Your lender might require you to take out an escrow account when closing on a new mortgage loan. Or you might decide to set up such an account on your own. These accounts can make paying annual bills easier. But before working with your lender to set up an escrow account, you need to understand exactly what yearly costs these accounts cover.
When your lender creates an escrow account for you, it collects money throughout the year to pay certain costs associated with owning a home. When these bills come due, your lender pays them on your behalf, taking the money out of your escrow account. You'll provide these dollars by paying slightly more with each mortgage payment than you would have had you not created an escrow account. When you close on a new mortgage loan, you'll have to provide your lender a lump sum -- this sum varies depending on the real estate costs that your escrow account will cover -- so that your lender will have enough money to pay the bills.
What it Covers
Usually, an escrow account covers your property tax bills and your homeowners insurance premiums. How much you need to pay throughout the year to cover these costs varies depending on such factors as where you live -- homeowners insurance and property taxes are higher in some parts of the country -- and how large your home is. As an example, though, if your property taxes cost $6,000 a year and your homeowners insurance $1,200, you'd need to pay $600 each month in escrow -- $500 for your property insurance and $100 for homeowners insurance. That amount would be tacked onto your monthly mortgage bill. If you are starting a new escrow account, lenders will generally require at least two months of reserves, according to Realtor.com. In the example here, you'd need to bring $1,200 to the closing table to provide your lender with its two months' worth of reserves.
Your escrow payments are not guaranteed to remain at the same level during the life of your loan. And because of this, your monthly mortgage payment could also change. That's because both your homeowners insurance and property taxes could go up or down. Maybe your town is building a new school. This will most likely increase the property taxes you need to pay, at least until construction on the project ends. Maybe you've added a second-floor addition to your home. This might cause your home insurance premiums to rise. Your lender will boost your required escrow account payments -- after sending you written notice -- to account for these changes.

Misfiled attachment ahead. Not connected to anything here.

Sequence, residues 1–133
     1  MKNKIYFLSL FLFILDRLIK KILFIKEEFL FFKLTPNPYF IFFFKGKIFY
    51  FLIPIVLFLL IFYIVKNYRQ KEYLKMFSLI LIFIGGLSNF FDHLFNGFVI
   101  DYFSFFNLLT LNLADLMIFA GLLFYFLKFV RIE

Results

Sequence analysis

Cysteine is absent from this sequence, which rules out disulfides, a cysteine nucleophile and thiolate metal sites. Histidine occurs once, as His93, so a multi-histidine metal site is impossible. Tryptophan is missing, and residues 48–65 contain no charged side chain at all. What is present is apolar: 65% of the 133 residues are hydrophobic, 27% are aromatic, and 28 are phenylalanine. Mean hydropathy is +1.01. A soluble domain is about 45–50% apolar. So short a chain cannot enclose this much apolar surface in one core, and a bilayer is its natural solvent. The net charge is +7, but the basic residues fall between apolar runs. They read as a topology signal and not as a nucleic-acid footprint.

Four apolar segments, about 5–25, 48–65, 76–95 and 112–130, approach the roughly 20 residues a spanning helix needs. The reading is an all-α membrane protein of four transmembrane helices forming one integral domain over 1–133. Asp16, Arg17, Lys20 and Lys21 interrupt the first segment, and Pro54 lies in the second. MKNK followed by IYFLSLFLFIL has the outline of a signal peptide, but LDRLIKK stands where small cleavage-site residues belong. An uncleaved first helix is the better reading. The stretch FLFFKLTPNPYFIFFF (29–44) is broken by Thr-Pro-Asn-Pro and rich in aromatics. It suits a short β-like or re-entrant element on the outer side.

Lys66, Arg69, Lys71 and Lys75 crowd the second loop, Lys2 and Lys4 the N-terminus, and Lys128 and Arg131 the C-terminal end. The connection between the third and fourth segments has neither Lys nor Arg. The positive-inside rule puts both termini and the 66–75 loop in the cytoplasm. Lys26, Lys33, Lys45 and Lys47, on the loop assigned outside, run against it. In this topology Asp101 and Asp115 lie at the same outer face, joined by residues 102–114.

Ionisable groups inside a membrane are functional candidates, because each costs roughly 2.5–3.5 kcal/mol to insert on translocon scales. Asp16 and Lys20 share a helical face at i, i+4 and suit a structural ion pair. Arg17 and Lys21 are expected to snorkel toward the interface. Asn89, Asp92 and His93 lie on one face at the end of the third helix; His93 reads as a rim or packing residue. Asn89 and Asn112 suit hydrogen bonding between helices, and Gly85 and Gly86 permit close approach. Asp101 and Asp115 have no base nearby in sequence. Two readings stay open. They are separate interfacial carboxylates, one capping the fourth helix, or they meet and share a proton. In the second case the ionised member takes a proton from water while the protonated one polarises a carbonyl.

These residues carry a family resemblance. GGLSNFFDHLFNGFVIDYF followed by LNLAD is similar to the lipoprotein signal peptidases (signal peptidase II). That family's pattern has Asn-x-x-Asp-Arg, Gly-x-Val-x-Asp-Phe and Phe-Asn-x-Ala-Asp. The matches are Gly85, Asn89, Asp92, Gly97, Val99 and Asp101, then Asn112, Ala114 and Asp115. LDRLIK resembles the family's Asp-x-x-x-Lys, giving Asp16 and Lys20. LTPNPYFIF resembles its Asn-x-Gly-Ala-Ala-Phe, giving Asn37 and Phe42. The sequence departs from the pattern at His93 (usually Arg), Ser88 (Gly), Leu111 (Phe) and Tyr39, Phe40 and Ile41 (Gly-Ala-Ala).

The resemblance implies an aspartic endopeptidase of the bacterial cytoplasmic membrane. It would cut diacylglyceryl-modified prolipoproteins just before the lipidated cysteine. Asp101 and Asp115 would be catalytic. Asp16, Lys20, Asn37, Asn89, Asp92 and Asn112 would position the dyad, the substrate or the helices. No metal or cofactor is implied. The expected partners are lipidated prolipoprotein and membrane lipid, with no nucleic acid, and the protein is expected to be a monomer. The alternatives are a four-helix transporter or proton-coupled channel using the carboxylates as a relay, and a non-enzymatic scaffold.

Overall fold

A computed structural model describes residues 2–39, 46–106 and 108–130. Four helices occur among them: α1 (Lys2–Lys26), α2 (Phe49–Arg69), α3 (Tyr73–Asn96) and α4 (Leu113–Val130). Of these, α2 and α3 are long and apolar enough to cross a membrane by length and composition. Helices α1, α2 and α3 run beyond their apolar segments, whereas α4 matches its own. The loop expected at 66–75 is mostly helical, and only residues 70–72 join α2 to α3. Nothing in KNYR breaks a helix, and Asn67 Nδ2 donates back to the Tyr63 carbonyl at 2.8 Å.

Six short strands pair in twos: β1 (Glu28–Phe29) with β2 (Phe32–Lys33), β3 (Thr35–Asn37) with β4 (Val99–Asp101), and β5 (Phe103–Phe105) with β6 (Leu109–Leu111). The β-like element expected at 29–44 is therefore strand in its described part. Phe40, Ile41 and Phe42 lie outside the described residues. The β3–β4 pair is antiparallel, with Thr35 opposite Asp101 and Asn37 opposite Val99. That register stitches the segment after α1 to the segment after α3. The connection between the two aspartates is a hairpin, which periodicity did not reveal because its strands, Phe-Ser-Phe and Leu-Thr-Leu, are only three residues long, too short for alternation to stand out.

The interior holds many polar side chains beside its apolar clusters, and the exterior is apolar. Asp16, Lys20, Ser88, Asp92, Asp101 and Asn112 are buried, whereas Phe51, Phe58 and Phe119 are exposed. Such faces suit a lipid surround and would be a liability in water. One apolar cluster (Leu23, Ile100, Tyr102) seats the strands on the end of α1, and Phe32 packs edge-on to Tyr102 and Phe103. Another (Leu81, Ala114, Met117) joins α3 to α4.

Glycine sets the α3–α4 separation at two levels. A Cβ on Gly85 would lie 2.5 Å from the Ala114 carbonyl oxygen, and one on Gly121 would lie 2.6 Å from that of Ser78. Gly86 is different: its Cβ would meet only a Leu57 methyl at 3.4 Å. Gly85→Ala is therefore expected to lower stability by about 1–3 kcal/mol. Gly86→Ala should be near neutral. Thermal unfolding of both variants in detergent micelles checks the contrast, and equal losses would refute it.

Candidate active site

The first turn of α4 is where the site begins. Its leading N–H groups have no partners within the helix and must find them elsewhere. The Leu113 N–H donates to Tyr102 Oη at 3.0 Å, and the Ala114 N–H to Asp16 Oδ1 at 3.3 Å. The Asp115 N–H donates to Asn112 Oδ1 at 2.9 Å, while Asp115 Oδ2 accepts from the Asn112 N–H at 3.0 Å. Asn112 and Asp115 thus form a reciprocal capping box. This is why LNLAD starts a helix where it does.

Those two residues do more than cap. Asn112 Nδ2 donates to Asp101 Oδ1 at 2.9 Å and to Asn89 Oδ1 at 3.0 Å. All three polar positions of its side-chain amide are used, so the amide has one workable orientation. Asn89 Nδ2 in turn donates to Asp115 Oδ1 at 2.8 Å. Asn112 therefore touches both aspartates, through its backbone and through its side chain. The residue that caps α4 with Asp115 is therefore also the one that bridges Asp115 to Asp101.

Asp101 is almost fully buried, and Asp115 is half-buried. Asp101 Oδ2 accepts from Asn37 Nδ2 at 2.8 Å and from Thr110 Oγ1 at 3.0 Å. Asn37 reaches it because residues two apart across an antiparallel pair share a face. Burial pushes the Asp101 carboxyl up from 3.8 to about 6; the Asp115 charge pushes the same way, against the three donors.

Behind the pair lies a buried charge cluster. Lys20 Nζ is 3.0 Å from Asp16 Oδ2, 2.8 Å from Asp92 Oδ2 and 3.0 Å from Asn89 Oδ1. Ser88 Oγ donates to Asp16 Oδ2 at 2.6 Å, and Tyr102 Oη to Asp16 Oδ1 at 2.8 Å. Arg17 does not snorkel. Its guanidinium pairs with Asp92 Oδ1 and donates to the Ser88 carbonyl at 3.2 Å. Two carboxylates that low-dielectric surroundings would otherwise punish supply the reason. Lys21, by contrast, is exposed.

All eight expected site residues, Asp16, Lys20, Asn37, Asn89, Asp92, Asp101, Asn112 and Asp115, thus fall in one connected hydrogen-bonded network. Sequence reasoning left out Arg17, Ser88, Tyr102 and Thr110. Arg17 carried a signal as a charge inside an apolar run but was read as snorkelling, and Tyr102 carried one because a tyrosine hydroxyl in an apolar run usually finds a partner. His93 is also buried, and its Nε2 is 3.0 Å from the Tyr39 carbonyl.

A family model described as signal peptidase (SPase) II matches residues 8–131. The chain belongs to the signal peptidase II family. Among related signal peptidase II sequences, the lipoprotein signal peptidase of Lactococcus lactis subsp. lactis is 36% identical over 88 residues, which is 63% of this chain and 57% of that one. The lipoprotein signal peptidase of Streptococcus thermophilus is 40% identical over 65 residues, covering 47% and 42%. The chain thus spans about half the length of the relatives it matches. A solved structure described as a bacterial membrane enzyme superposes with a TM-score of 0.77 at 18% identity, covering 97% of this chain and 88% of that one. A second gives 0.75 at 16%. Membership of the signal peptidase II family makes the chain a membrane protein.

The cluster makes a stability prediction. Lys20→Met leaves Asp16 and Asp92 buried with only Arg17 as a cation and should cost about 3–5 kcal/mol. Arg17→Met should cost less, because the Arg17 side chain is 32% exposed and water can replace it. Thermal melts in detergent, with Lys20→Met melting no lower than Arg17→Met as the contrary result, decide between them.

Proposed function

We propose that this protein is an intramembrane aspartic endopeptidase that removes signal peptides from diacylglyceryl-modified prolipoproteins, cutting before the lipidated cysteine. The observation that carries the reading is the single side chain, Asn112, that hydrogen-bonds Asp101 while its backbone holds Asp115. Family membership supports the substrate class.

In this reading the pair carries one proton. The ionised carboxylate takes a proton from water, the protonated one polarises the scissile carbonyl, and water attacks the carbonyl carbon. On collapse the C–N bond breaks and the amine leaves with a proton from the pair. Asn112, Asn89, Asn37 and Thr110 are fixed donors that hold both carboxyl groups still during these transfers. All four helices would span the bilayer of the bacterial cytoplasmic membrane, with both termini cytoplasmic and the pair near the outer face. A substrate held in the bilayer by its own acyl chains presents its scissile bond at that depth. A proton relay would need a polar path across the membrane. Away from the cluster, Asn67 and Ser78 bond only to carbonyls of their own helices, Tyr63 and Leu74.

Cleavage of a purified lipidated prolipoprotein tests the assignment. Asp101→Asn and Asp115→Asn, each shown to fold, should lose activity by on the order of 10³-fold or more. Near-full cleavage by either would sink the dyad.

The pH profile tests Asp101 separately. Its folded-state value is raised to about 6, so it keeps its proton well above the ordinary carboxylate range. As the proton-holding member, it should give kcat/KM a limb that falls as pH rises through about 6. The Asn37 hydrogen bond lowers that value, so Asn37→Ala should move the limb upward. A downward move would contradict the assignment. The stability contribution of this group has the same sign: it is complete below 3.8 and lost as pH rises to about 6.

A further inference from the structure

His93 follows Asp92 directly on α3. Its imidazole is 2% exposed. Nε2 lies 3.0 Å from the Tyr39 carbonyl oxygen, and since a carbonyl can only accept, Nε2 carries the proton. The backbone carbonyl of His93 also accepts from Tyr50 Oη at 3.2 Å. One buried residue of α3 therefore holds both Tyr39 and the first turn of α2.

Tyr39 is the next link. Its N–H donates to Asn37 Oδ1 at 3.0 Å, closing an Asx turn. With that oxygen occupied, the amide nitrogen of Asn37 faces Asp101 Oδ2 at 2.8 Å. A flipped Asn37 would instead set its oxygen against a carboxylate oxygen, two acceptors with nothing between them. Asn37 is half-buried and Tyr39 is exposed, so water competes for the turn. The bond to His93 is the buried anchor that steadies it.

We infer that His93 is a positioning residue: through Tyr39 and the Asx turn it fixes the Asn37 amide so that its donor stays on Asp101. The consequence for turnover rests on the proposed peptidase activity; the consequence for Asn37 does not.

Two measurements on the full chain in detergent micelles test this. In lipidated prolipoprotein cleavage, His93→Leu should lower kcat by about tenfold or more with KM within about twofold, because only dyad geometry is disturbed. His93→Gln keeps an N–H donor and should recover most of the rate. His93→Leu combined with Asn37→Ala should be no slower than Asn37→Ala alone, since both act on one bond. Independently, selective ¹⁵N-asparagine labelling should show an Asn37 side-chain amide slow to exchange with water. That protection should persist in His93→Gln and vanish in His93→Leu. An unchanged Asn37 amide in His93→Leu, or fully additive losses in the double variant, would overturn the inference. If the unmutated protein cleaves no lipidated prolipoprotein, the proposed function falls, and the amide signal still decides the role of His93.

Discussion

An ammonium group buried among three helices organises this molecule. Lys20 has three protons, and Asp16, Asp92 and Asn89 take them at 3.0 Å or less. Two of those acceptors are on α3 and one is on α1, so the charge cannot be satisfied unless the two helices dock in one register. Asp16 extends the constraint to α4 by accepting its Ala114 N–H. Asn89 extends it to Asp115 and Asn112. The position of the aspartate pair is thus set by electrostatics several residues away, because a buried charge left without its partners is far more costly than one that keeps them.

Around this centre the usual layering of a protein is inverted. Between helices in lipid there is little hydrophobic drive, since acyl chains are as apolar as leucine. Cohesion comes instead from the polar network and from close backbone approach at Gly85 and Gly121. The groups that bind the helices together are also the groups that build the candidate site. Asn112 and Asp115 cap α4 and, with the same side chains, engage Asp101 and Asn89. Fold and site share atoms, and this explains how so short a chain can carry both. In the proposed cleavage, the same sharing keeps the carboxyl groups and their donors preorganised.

The main benefit to setting up an escrow account is convenience. If your lender is paying your property tax and homeowners insurance payments, you don't have to worry about it. This means that you also don't have to worry about accidentally sending your payments in late or missing them. You also don't have to worry about saving the money for your insurance and tax bills. These can be significant bills, and it can be difficult to set aside the money for them if your lender isn't automatically doing it on your behalf.
- Realtor.com: What is an Escrow Account and Why Do I Need One?
- SunTrust Mortgage: Escrow Accounts
- Cornell Law School. "Escrow." Accessed March 15, 2020.
- Los Angeles County Consumer and Business Affairs. "Escrow." Accessed March 15, 2020.
- Consumer Financial Protection Bureau. "What Is an Escrow or Impound Account?" Accessed March 15, 2020.
- The People's Law Library of Maryland. "Rent Escrow: When the Landlord Fails to Make Repairs." Accessed March 15, 2020.
- California Department of Business Oversight. "Online Escrow Fraud Questions and Answers." Accessed March 15, 2020.
- Consumer Financial Protection Bureau. "Mortgages Key Terms." Accessed March 15, 2020.
- FindLaw. "Connecticut Security Deposit Laws." Accessed March 15, 2020.
Don Rafner has been writing professionally since 1992, with work published in "The Washington Post," "Chicago Tribune," "Phoenix Magazine" and several trade magazines. He is also the managing editor of "Midwest Real Estate News." He specializes in writing about mortgage lending, personal finance, business and real-estate topics. He holds a Bachelor of Arts in journalism from the University of Illinois.